Most penguins waddle their tuxedo-clad selves around the Southern Hemisphere, but the word “penguin” is believed to come from the Welsh pen gwyn, meaning “white head.” Sure, penguins don’t have white heads, but the name was originally used for the now-extinct great auk, which also didn’t have a white head, but did have white spots around the eyes. When sailors rounded the tip of South America around 1580, they spotted a “foule, which the Welsh men name Pengwin”—that is, a bird that resembled the great auk. It’s still known by the name the Welsh sailors bestowed upon it nearly five hundred years ago.
A long time ago, in a galaxy over in Central Europe, robots emerged as the brainchild of a Czech sci-fi writer in the 1920s. Long before C-3PO and R2-D2 roamed the galaxy, Karel Čapek’s play R.U.R.—short for “Rossum’s Universal Robots”—introduced the idea of artificial people created to work for “real” humans. And (spoiler alert) they end up rebelling against humanity. Since robota in Czech means “labor, drudgery,” it’s hard to blame them. And that idea clearly sticks in the imagination, since robots are about as common as warp drives and lightsabers.
In American English, “schmuck” is an insult; it basically means “fool” or “idiot,” but with a slightly harsher and more Yiddish ring to it. However, it derives from the Yiddish word shmok, which means “penis,” so some Jewish communities consider the word extremely vulgar. In another twist, shmok is believed to come from Old Polish smok, meaning “grass snake, dragon.” Maybe that’s where J.R.R. Tolkien got the name for Smaug, who is definitely a smok in terms of fire-breathing deadliness, but not exactly a schmuck—though Bilbo Baggins might not agree.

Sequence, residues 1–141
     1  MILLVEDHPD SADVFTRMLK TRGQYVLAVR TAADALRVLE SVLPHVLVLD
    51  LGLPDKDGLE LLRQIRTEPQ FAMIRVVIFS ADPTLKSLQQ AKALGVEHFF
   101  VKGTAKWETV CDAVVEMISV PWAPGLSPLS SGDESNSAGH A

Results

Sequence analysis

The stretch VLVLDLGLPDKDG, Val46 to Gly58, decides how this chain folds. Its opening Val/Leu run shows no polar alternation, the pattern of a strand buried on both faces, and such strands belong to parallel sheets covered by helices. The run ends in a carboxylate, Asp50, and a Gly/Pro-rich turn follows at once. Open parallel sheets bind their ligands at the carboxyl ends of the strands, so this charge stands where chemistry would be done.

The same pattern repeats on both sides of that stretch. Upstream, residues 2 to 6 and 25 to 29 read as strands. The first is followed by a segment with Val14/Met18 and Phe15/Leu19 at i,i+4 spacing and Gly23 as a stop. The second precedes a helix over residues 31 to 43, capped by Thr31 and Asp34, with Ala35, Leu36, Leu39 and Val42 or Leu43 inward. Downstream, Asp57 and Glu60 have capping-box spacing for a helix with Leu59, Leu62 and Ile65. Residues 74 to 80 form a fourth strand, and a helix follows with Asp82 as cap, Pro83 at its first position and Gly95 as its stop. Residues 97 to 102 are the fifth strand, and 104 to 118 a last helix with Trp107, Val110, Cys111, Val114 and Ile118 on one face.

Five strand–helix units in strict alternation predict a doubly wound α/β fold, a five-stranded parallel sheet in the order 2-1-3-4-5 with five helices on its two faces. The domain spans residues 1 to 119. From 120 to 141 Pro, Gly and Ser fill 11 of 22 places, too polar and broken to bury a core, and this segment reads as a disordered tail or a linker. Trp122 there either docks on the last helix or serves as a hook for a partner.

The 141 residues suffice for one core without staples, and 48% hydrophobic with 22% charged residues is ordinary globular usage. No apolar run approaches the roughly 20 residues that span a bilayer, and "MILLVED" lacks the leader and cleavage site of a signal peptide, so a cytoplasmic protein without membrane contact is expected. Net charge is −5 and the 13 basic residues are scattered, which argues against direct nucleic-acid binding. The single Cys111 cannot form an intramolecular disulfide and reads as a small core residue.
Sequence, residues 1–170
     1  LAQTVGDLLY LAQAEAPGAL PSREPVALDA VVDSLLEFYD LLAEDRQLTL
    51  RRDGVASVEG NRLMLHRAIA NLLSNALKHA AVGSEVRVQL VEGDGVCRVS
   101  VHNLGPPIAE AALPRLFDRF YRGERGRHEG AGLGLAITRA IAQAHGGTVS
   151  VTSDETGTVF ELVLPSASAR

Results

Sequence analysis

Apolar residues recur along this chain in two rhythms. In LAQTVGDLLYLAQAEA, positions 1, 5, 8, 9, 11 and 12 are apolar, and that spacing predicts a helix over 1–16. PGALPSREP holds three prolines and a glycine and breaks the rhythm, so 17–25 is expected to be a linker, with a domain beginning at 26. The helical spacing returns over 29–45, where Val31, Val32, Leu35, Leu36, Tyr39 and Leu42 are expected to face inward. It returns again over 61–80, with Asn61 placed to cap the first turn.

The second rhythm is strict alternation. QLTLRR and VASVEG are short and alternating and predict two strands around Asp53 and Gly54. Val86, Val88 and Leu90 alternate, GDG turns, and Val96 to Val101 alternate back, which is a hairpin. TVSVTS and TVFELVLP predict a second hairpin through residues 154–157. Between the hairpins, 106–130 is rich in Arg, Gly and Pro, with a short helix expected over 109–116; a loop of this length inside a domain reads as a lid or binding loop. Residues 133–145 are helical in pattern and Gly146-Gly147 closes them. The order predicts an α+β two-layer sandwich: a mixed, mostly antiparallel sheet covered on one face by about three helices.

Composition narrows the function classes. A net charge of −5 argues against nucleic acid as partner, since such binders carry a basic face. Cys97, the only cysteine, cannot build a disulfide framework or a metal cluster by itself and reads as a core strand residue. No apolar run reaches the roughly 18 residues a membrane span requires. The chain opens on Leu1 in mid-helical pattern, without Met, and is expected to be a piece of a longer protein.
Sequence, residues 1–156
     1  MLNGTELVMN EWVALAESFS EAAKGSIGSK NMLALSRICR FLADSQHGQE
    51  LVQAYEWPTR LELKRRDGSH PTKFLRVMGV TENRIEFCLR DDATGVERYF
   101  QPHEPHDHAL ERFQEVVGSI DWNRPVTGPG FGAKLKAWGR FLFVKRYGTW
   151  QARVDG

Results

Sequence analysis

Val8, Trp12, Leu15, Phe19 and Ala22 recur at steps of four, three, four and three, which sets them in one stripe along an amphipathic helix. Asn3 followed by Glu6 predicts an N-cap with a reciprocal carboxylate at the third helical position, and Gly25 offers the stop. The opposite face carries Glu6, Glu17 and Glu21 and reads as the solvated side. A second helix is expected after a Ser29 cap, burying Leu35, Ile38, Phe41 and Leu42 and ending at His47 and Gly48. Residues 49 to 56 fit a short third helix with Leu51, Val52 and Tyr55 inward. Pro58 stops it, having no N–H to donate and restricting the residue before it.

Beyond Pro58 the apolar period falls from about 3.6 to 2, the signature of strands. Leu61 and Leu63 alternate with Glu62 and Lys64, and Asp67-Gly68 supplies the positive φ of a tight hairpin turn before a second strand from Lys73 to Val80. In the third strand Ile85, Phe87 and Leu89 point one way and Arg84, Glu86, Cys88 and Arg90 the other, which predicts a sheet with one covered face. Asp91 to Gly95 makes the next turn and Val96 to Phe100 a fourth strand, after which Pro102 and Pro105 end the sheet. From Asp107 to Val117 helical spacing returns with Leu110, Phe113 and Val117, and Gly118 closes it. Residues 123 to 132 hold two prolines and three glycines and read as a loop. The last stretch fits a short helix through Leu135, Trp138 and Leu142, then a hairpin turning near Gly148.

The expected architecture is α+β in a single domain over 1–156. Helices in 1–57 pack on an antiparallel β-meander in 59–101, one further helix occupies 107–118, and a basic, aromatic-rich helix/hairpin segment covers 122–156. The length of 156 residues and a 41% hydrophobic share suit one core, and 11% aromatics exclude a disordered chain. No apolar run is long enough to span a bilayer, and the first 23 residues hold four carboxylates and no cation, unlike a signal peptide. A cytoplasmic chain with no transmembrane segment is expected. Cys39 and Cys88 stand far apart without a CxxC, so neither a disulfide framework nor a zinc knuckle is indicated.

This originally German word, complete with umlauts (über), traveled a windy road before it arrived at its present-day English meaning. Its literal German meaning: “over.” Figuratively, it implies that something or someone is bigger or better (like the Übermensch, a kind of philosophical Superman). It first got used in English to mean “very, super.” For example, “I’m über excited” or “that party was über cool.” Today, of course, many city-dwellers know it as a way to get a ride with a few taps of a finger.
This one’s origin is a little uncertain—but chances are you’re not going to be pondering etymology if one of them is trying to eat your brains. The word probably comes from a West African language: zumbi means “fetish” in Kikongo, and nzambi is a word for “god” in Kimbundu, but the idea arose—not from the dead, but for the first time—in Haiti during centuries of slavery. The idea was that slaves who committed suicide to save their bodies from the cruelty of their masters would be condemned to wander for eternity, undead. The brain-eating part came later.
English has borrowed plenty from other languages, but it’s a two-way street: words like le weekend in French, párking in Spanish, and intānetto (Internet) in Japanese are becoming increasingly common around the world. Whether you see language evolution as uber cool or something to cry aiyo! about, understanding how linguistic borrowing takes place can make you a real language ninja.